College EOPS highlights importance of suicide awareness: First-person account shared at PVC advisory meeting

"We saw that a student was isolating. Sitting, looking down. And, for the first time, I asked someone, 'Are you suicidal?' And (the student) said, 'Yes I am,'" shared Palo Verde College (PVC) Extended Opportunity Programs and Services (EOPS)/Cooperative Agencies Resources for Education (CARE) Director Maria "Machi" Rivera during an advisory meeting, Dec. 18. (Photo by Uriel Avendano/Palo Verde Valley Times)

At the Dec. 18 Palo Verde College (PVC) Extended Opportunity Programs and Services (EOPS)/Cooperative Agencies Resources for Education (CARE) Advisory Meeting, the importance of resources and awareness on suicide prevention was underlined by a personal account of response by staff to a student in need.

“We noticed that during our first EOPS contact, many of our students shared that they were homeless and struggling with mental health issues. So, we wrote a mini grant to Riverside University Health System (RUHS) for $5,000, (which was approved)” stated EOPS/CARE Director Maria “Machi” Rivera’s presentation to attendees. “With the assistance of the grant, we were able to provide services to our EOPS students and future students from the community. We were also able to (provide) supplies that could help them de-stress. This grant also helped our students to start a conversation about getting help.”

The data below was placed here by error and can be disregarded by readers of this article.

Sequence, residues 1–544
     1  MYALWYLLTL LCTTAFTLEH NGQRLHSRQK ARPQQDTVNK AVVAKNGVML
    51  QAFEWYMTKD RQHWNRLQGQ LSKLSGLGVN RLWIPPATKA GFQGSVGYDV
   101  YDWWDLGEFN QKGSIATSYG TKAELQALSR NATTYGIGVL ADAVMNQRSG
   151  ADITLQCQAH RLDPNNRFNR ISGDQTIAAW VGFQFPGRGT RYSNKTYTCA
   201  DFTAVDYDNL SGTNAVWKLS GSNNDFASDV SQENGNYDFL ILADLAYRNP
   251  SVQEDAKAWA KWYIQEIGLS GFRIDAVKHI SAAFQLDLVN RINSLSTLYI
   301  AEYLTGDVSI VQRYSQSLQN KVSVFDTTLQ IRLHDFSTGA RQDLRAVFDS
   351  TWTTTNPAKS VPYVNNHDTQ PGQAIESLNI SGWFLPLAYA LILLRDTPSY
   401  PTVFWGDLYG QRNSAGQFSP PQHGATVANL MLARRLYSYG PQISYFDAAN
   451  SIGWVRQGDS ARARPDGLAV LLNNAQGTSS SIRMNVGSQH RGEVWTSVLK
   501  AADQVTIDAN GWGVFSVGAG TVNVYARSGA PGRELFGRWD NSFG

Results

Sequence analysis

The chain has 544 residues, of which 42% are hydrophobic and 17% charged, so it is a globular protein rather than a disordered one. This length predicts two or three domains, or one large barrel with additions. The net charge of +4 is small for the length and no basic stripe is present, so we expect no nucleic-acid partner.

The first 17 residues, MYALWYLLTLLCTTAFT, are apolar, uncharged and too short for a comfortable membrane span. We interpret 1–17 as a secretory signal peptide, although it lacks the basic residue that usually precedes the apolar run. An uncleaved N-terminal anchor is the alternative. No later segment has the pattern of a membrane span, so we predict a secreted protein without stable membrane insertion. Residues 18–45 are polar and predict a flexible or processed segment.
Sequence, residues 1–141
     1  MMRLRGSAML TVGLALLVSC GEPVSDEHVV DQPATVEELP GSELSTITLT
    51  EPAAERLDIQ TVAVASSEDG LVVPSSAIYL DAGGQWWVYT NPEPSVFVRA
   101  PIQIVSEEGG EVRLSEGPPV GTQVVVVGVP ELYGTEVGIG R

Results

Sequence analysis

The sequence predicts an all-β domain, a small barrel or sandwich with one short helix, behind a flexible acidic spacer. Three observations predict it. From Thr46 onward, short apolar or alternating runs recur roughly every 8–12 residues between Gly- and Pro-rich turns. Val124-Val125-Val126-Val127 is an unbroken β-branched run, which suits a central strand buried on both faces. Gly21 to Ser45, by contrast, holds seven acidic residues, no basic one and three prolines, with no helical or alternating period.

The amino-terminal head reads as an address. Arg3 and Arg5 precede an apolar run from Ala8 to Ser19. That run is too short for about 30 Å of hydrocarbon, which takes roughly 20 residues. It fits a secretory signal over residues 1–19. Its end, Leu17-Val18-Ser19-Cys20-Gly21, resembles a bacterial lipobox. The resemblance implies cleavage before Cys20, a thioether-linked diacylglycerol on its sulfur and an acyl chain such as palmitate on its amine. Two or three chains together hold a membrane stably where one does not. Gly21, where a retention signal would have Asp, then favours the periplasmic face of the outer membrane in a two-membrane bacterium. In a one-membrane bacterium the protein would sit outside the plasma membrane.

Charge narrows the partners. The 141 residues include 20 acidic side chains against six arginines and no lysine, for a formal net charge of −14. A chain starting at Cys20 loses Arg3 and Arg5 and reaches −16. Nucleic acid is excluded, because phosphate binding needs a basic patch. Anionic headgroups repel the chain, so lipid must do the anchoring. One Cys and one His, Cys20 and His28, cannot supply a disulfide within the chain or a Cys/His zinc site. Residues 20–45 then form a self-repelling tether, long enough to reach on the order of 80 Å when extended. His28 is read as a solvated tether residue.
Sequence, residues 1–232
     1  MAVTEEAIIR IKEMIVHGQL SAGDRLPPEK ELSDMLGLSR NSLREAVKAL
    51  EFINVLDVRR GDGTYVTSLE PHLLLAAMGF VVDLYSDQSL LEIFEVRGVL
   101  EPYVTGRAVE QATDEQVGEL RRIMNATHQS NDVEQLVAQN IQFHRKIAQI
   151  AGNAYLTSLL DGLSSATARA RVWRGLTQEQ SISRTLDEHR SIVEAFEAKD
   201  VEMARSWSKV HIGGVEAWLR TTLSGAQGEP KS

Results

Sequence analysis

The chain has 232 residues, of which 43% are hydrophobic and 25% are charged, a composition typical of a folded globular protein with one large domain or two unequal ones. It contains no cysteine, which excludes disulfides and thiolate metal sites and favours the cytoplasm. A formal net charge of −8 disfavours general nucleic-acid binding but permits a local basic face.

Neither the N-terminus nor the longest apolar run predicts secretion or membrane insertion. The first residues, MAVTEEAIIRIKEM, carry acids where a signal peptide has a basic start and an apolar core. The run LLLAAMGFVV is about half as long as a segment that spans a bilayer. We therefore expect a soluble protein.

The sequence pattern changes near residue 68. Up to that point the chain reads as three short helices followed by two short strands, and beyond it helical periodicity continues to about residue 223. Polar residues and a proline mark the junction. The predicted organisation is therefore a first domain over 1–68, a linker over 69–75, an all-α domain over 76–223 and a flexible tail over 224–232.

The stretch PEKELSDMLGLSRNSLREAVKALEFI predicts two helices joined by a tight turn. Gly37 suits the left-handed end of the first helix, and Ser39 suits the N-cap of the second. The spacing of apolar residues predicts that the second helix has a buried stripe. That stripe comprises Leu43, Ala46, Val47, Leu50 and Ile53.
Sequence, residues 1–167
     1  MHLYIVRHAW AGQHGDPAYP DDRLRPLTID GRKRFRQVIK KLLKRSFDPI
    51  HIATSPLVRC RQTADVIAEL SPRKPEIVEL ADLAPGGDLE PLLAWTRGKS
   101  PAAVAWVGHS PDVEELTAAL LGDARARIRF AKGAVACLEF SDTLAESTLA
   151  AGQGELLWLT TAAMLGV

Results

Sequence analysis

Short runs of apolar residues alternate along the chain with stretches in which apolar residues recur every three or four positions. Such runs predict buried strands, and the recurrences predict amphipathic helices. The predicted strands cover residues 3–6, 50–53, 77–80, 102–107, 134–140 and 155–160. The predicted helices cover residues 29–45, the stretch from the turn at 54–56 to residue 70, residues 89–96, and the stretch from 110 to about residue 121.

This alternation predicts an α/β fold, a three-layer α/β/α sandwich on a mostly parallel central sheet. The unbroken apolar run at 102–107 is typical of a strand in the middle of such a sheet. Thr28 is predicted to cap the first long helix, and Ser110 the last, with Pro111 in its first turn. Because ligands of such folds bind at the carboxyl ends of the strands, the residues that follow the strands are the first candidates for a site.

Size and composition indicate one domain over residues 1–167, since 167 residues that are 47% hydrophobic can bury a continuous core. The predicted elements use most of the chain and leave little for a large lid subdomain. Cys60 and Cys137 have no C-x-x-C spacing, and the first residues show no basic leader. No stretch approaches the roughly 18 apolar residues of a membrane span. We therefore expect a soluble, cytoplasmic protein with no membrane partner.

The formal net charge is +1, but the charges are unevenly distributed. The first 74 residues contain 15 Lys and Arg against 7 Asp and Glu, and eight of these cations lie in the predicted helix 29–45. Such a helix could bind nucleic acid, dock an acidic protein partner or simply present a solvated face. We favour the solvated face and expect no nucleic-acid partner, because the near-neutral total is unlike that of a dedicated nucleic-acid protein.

Along with staff providing campus students with outside resources – including contacts to assist 24/7 – the RUHS “Each Mind Matters” grant provided the opportunity for PVC to host three campus events on how to prevent suicide, and other self-help techniques.

As shared by Rivera, one facet of suicide awareness training provided with staff highlighted some of the symptoms and signs persons can identify in those needing help.

Further, Rivera noted the importance of pushing past negative stigmas or reservations about the subject in order to address – and, ultimately, prevent – potential situations.

“We saw that a student was isolating. Sitting, looking down. And, for the first time, I asked someone, ‘Are you suicidal?’ And (the student) said, ‘Yes I am,’” said Rivera, who provided according resources. “And she said, ‘When I was in (out of town), I had two episodes. When we came back to Blythe, my mother said, ‘Don’t tell anybody this happened. Act like it never happened.’ So, (EOPS Instructional Services Technician I) Alicia (Prieto) and I were talking, ‘Oh my god. These programs do work.’ So that got us more motivated to help out more students. So we did.”

As noted by Rivera, the grant still has about $2,000 to move forward with.

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